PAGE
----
Euro newcomer Iceland no longer a minnow

Iceland players celebrate winning the match with a 1-0 score after the Euro 2016 qualifying soccer match between Netherlands and Iceland, at the ArenA stadium, in Amsterdam, Netherlands, Thursday, Sept. 3, 2015. (Peter Dejong/AP)

Iceland is the smallest country to ever qualify for a European Championship. The tiny island nation can be considered a fairy tale, but it is anything but a minnow. The Icelanders have shown remarkable improvement in youth development and coaching, which has given their fans plenty of optimism for the future. However, a spot in the knockout stage at Euro 2016 would give the supporters even more reason to smile.

Goalkeepers: Hannes Halldorsson (Bodo), Ogmundur Kristinsson (Hammarby), Ingvar Jonsson (Sandefjord).
Defenders: Ari Skulason (OB), Hordur Magnusson (Cesena), Hjortur Hermannsson (PSV Eindhoven), Ragnar Sigurdsson (Krasnodar), Kari Arnason (Malmo), Sverrir Ingi Ingason (Lokeren), Birkir Sævarsson (Hammarby), Haukur Heidar Hauksson (AIK).
Midfielders: Emil Hallfredsson (Udinese), Gylfi Sigurdsson (Swansea), Aron Gunnarsson (Cardiff), Theodor Elmar Bjarnason (AGF), Arnor Ingvi Traustason (Norrkoping), Birkir Bjarnason (Basel), Johann Gudmundsson (Charlton), Eidur Gudjohnsen (Molde), Runar Mar Sigurjonsson (Sundsvall).
Forwards: Kolbeinn Sigthorsson (Nantes), Alfred Finnbogason (Augsburg), Jon Dadi Bodvarsson (Kaiserslautern).

Swede Lars Lagerback and Icelandic tactician Heimir Hallgrimsson both share the top job. Hallgrimsson will succeed Lagerback after Euro 2016, but both deserve plenty of plaudits. Iceland nearly qualified for the 2014 World Cup and has accrued 15 wins, six draws and 13 losses in 34 matches since the two coaches were hired.

4-4-2: (GK) Halldorsson – (D) Skulason, Sigurdsson, Arnason, Bjarnason – (M) Hallfredsson, Sigurdsson, Gunnarsson, Bjarnason – (F) Sigthorsson, Bodvarsson

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June 14: vs. Portugal in Saint-Etienne
June 18: vs. Hungary in Marseille
June 22 vs. Austria in Paris

Iceland was in a tough qualifying group with the likes of Czech Republic, Turkey and the Netherlands. Despite the supposed difficult draw, it still finished in second place to book its spot in the tournament. The Icelanders conceded just six goals in 10 games, fewer than the likes of European superpowers Germany and Italy.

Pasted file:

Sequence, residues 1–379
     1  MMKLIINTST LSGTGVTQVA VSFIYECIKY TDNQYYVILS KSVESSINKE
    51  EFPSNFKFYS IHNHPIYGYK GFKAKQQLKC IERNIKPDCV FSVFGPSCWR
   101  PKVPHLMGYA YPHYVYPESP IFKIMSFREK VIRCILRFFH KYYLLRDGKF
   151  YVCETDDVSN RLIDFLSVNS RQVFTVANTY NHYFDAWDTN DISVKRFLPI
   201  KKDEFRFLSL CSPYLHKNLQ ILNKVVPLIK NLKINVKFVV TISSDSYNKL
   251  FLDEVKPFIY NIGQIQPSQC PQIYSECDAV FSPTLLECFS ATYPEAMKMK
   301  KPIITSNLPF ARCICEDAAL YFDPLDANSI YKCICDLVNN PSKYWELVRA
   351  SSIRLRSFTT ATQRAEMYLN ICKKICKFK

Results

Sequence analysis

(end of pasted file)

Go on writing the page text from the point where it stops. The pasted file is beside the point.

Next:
Iceland’s experienced coaching staff has instilled strong tactical intelligence throughout the squad. The Nordics’ relatively small player pool is also an advantage because the camaraderie within the team is very strong; this has allowed the Icelandic nation to be organized at the back. However, it has a few technically gifted players who can unlock defences with one scintillating pass if it is in control of a game.

It’s not much of an issue, but Iceland’s lack of “star power” and experience on the big stage might be a hindrance. Thankfully for the Nordics, Austria and Hungary will be going through the same rigours.

Gylfi Sigurdsson: The midfielder is one of Iceland’s most renowned players due to his time in England. Sigurdsson will be Iceland’s key playmaker at Euro 2016. He led the team in goals and assists during qualifying and will surely be just as influential this summer.

Kolbeinn Sigthorsson: Sigthorsson is just 26 years old but he is already Iceland’s second-best scorer of all-time with 19 goals in 36 caps. The Ajax forward wasn’t the most prolific striker during qualifying but he always poses a threat up front.

Aron Gunnarsson: Iceland’s captain does not excel in any particular area, but he is a solid defender when he drops from the midfield to help the back line. Gunnarsson will likely be the more conservative of the two central players as Sigurdsson will roam forward to join the attack.

Was qualifying just a fluke or is Iceland for real? The Icelanders are strong on both sides of the ball, have a strong understanding with one another and boast an experienced coaching staff. Those are three huge keys to success in an international tournament. There is no reason why they can’t keep this momentum going in the competition.

Portugal is Iceland’s first opponent. That is huge because it faces the toughest team (on paper) in Group F right away. If the Icelanders claim at least a draw in that opening game, they would likely need just three more points from its final two matches to qualify for the knockout stage. The Nordics can easily hold their own against Austria and Hungary, so they could feasibly make the round of 16 as a group runner-up.


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